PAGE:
At least annually, company leadership should carry out incident response plan tabletop exercises. Board members should expect reports on these test outcomes, as well as details about how the plan will be updated based on what the tests may have revealed.
5. Establish a Disclosure Committee
It is advisable that publicly traded companies establish a disclosure committee that, among other things, is tasked with discussing cybersecurity risks or breaches and reviewing the accuracy, completeness and timeliness of financial reports or other public disclosures. Doing so provides a mechanism to elevate issues through the committee with the specific purpose of determining if a notification is triggered based on the nature and scope of a cyber incident.
Disclosure committee members and the finance department should review any new or ongoing cybersecurity investigations, determine the materiality of each incident under the SEC rules and decide if a disclosure is appropriate or required. This helps satisfy the SEC requirement that cyber incidents are being escalated for review and possible disclosure. The finance and security departments also should be involved in evaluating whether the issues being investigated may require restrictions on insider trading. Outside counsel can be helpful in making this determination if the disclosure committee is unsure whether the security issue meets the SEC’s materiality threshold and therefore requires disclosure in a public SEC filing.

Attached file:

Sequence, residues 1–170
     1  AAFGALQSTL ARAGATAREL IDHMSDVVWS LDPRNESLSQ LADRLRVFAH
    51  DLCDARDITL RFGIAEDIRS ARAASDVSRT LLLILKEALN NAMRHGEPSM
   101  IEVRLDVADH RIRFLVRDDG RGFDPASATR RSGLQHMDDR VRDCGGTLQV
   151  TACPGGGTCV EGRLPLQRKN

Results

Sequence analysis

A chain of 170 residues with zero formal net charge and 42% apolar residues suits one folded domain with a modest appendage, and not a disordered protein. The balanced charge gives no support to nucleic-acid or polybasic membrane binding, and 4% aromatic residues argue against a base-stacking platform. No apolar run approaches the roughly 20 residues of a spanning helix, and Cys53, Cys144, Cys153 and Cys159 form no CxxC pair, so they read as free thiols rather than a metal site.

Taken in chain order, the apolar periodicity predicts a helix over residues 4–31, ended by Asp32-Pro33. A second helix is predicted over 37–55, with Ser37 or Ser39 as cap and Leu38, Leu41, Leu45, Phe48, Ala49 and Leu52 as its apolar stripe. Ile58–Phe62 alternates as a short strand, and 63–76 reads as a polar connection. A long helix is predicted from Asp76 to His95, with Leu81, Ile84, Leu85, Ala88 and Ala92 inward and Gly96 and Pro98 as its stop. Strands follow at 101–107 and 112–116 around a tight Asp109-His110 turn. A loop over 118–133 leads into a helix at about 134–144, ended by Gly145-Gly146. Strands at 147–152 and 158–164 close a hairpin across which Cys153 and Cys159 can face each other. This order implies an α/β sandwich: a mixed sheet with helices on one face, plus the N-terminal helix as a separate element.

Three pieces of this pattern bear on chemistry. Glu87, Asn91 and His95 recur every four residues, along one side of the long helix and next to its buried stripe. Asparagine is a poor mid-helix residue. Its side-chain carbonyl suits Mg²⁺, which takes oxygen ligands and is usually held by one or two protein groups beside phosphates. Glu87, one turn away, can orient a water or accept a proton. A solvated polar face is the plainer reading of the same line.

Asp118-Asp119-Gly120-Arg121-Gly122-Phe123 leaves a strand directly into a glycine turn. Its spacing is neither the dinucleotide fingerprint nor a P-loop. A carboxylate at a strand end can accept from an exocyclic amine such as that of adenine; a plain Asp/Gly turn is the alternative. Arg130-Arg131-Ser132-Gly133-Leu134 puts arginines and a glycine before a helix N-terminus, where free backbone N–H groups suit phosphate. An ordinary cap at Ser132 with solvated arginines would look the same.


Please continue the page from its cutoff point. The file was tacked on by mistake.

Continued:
Further, when the CSO is included at the executive table, he or she should report directly to the CEO for the purpose of escalating a review of security matters and reporting them to the board of directors on a quarterly basis.
Public companies are attractive targets for cybercriminals. Corporate boards, who are accountable to shareholders for a company’s health and financial performance, can expect growing scrutiny of their attention to cybersecurity, not only from the SEC, but also from legislators and the public. Directors must be diligent in helping companies evaluate risk so those companies are better prepared to address the daunting cybersecurity challenge.